How does church leadership become missional leadership? Isn’t a shame we have distinguish between the two? Depending on the polity of the church, most church leaders are elected by the congregation or selected by a nominating committee of some sort and presented to a group for ratification. The conversation often revolves around getting so-and-so more … Continue reading Missional Leadership
From over at Seth's Blog , here is a great principle for problem-solving that all good leaders need to keep in mind. Click on "Our normal approach is useless here."
The previous posts in this series constructed an argument for vision informed by theology (values) in church leadership. My last post listed certain pre-conditions and the first three steps to take in the envisioning process. Here are the steps: Pray. Obvious, but so often neglected in the process. Identify the gap between theology and behavior. A pastor is … Continue reading Vision and Theology in Church Leadership (Part Six)
Are there steps church leaders should follow to "get vision and lead the church?" Yes but a pastor/church leader must first satisfy these pre-conditions. Knowledge of theology. Not simply an understanding of Systematics (although such knowledge is important) but a real concern for how people live out their values (theology) in the community. Knowledge of current events. Too many pastors/church … Continue reading Vision and Theology in Church Leadership (Part Five)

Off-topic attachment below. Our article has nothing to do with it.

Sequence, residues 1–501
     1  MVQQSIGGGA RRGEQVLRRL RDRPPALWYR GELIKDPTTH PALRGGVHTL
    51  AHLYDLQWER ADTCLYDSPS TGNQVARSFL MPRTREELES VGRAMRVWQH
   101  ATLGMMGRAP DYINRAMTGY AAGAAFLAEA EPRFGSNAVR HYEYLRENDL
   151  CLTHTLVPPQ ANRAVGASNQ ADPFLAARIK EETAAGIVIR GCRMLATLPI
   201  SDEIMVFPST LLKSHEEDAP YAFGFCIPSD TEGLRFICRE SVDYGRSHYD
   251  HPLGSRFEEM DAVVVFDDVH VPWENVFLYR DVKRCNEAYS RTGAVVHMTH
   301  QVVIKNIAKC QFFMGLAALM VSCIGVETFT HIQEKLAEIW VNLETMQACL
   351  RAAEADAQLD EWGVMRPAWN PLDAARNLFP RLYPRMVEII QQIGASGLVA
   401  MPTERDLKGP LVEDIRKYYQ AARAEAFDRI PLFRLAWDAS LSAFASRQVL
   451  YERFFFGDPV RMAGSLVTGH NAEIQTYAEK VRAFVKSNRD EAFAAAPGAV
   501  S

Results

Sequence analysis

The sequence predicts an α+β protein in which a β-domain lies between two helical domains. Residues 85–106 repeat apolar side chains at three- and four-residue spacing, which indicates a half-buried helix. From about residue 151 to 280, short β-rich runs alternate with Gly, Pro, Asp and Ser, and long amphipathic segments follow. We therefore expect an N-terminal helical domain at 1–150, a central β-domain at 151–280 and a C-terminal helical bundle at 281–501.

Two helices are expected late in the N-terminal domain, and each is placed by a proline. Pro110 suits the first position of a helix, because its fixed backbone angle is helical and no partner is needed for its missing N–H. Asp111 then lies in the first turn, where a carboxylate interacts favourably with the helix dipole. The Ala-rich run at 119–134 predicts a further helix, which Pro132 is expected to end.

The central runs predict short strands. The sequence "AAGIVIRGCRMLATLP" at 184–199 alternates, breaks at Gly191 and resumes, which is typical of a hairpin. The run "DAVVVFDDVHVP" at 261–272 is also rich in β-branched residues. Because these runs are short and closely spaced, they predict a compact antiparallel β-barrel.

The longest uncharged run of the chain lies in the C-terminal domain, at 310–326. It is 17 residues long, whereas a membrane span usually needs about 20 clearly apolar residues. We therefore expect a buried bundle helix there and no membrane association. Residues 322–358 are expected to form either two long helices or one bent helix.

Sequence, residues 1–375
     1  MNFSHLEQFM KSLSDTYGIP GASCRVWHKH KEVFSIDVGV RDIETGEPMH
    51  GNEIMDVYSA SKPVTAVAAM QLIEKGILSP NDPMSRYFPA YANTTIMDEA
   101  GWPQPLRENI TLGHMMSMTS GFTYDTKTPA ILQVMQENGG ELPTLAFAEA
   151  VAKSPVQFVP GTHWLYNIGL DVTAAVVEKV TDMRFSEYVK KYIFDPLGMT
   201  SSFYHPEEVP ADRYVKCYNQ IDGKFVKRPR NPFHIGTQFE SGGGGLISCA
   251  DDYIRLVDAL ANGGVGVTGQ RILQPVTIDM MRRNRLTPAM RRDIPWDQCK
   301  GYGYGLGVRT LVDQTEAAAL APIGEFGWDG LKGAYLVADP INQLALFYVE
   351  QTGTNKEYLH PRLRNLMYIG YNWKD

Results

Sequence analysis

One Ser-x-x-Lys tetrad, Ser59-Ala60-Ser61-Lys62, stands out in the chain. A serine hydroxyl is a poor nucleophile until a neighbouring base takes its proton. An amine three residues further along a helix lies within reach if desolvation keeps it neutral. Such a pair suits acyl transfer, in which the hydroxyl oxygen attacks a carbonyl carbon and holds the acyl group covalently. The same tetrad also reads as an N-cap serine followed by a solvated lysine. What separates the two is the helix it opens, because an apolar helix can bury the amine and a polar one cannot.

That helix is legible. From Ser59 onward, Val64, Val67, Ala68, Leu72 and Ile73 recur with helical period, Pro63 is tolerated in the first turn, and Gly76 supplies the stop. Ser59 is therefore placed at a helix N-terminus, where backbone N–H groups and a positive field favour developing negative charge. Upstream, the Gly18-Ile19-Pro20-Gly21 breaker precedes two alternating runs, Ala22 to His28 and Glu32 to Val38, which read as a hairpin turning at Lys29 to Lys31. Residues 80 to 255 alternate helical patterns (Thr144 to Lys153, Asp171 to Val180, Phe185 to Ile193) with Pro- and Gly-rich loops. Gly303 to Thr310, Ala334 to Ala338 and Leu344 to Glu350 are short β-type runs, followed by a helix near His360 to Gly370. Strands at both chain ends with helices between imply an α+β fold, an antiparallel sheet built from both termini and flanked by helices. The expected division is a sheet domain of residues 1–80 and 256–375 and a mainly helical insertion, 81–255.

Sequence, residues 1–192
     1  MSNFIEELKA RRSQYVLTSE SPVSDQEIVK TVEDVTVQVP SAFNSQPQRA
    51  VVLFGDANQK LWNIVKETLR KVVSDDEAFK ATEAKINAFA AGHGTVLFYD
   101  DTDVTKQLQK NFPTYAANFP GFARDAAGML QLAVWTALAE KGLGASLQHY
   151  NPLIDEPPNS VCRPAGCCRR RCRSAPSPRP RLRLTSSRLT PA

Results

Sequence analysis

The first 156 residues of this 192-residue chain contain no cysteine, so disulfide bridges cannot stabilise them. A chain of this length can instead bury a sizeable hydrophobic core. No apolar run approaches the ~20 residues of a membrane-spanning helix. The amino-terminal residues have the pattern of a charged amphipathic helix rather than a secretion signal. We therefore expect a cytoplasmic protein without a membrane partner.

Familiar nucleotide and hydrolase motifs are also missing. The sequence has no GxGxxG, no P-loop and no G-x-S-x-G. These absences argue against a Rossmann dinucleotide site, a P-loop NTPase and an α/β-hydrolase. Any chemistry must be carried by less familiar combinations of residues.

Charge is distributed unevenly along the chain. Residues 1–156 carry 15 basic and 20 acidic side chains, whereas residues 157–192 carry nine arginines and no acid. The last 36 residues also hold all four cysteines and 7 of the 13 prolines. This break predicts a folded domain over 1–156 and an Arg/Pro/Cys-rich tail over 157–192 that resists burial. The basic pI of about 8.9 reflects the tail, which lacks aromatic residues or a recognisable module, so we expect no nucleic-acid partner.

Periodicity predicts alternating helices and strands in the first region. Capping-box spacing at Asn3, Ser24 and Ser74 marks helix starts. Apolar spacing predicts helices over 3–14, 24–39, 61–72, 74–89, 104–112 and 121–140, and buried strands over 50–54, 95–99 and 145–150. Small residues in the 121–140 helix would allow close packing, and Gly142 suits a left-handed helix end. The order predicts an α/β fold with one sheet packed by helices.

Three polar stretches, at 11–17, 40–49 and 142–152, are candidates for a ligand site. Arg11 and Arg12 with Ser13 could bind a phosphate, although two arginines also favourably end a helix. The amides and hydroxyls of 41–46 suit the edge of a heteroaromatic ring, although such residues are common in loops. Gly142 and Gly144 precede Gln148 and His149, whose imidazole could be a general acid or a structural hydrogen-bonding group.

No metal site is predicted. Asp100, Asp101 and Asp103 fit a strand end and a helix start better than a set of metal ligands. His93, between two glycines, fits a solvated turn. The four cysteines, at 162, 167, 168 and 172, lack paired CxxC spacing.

How should a pastor/church leader determine vision for the church? Obvious answers include go to God and/or go to the Scriptures, right? Well...yes and no. Certainly Christians believe God answers prayer. So consulting Him about the direction of the church seems like a good idea (to say the least). And the Scriptures teach that the … Continue reading Vision and Theology in Church Leadership (Part One)
The other night experienced quarterback Tony Romo was interviewed before the Cowboys played the Redskins. In commenting on his development as a leader on the team, he replied that experience is the best tool for developing the decision-making skills necessary to win. He's right of course but that common bit of wisdom isn't true … Continue reading Leadership, Experience and the Intangibles
Relational Leadership recognizes that the at core of unethical behavior is a distorted view of people and our relationship to them. For example, how do you as a leader look at your people? Are they children to be managed, resources to be exploited, pieces of the organization to be shuffled and arranged by an omnipotent “human resource … Continue reading Un-Ethical Leadership (Part Two)
There is a great little piece by Seth Godin over at Seth's Blog this morning. It's a great reminder about the importance of remaining who you are and remembering what you stand for, especially in the little things. Check it out.
We've said previously Relational Leadership is based on the insight that leaders and followers are in a relationship. We've also said that Relational Leadership is about connecting with the values and motivations of the followers. So how do we import Relational Leadership into an organization without "blowing it up?" We start with the leadership team. Cleve … Continue reading Relational Leadership (Part Three)
What is Relational Leadership? We sketched out a definition of Relational Leadership in our last post. Relational Leadership, simply put, is the recognition that leaders and followers are in relationship to one another. Good leaders must therefore connect with the values and motivations of followers. Ok, but what does Relational Leadership look like in the … Continue reading Relational Leadership (Part Two)